A Black American Muslim’s July 4th Reflection

Since I live abroad, I feel I have a new perspective of my country, America.

My parents, like most Americans, are immigrants, and through their planning, I was blessed to be born in America.

I’m not happy with everything that happens there. I’m not happy with the racism that some attempt to dismiss, I’m not happy with the wealth inequality which some are comfortable with. I’m not happy with much of what passes as popular culture which is all manufactured by us, Americans.

Yet, despite all of that which I dislike, there is so much more that I love.

I love the very dirt that America is built upon, its hills and valleys. I love the people that manage to bring smiles to my face with their Boston, Brooklyn, and Texas accents. Dear God, I love Colorado, as even with all of my travels it is still one of the most beautiful places on God’s green Earth. I love our food, and France, China, and yes, even my motherland of Jamaica can’t keep up with a good burger, fries, and a milkshake.

I love our competitiveness, especially when it is used for the amazing good that we can do.

We don’t just have the power to change the world, we do change the world.

We do it everyday.

As a Black Muslim and son of immigrants, I have many reasons to be upset, as do many of you. As a student of history, literature, and post-colonialism, I am acutely aware of the travesties of this country. Yet, its that study that allows me to see the travesties of other societies and nations as well.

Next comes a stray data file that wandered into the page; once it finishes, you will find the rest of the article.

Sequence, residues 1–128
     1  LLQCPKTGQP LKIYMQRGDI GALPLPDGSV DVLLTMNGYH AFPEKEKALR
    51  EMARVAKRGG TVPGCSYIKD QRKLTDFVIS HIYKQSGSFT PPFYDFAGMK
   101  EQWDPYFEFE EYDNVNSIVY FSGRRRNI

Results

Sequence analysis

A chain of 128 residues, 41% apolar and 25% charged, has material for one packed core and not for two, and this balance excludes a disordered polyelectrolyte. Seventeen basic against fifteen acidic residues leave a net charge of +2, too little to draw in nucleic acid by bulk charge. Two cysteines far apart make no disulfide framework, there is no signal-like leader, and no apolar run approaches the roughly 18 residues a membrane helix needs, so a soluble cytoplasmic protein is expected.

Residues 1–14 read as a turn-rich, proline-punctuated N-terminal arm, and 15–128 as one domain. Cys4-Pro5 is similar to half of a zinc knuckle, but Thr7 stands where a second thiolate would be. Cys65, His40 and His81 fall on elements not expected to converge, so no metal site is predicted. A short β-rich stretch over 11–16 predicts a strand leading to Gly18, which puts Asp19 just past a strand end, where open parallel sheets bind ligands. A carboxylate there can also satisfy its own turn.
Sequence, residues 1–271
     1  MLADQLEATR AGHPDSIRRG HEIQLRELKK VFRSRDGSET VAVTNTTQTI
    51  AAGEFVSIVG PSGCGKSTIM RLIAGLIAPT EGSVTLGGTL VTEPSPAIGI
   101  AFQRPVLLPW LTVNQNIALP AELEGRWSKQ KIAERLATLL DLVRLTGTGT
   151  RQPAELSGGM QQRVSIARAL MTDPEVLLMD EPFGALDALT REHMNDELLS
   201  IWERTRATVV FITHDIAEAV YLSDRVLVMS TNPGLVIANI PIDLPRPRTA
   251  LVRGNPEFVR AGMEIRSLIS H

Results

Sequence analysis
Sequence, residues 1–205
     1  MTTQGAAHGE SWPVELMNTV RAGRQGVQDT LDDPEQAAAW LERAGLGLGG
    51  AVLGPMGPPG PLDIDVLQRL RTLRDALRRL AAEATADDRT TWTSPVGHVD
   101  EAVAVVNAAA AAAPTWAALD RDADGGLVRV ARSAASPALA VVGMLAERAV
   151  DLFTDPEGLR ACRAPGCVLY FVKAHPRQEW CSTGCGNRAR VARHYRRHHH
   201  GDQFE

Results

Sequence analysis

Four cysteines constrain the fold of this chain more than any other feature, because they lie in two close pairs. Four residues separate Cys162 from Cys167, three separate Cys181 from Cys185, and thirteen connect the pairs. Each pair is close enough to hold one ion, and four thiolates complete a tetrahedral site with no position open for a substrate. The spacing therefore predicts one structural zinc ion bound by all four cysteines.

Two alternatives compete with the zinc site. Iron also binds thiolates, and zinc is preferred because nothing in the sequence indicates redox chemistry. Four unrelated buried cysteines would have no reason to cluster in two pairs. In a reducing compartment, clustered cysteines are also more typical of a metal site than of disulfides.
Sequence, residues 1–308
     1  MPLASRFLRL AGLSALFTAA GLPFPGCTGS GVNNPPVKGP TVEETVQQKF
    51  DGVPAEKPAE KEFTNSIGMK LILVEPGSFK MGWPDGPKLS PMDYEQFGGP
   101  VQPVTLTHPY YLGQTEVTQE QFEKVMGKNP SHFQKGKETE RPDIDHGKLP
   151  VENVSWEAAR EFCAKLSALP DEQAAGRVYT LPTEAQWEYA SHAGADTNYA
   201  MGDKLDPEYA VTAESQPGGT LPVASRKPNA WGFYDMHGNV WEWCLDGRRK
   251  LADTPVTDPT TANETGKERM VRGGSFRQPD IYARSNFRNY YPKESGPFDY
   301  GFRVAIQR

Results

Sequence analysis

I am also aware, with sadness, that I may not have chosen to write this if I were in the borders of the country that raised me. Because while there I am unable to see the blessings afforded me.

Why?

While my rights aren’t always threatened through laws, they are threatened by the eyes that perceive me to be undeserving of their protection.

And if it is not my rights and privileges that are threatened, then it is hard to be a human and watch little children suffer because of the travesties that my own country has at certain points of its history inflicted on its neighbors. Travesties that those that boast their pride in this nation are very much ignorant about. Misunderstanding the role our country, which has encouraged people to flock here when their countries are burning, countries we’ve thrown half finished Marlboro’s at during the scorching sun, not realizing the fire that they can cause.

With all of the brokenness, I love the promises of the red, white, and blue. The promises to be better, the promises to serve, the promises to grow and deliver.

The opportunities provided within its borders that like a weapon can be used to take or save lives. I’m a realist, and I don’t dare look at America and expect perfection, it will never be that.

But it will always be my country, and if you got something nasty to say about it we can talk indoors, but if I hear you trashing it, we might fight.

Does this post look like a bunch of contradictions?

It might be, because America itself is a bunch of contradictions.

I can hate all of the bad, and love all of the good, and at the end of the day say that its all going to be alright because ”In God we trust.”

God bless America.

2 comments

  • This is a respectable reflection on the country and its history.
    Seeing how America is now, do you believe strongly in the promises for better and growth?

    Like

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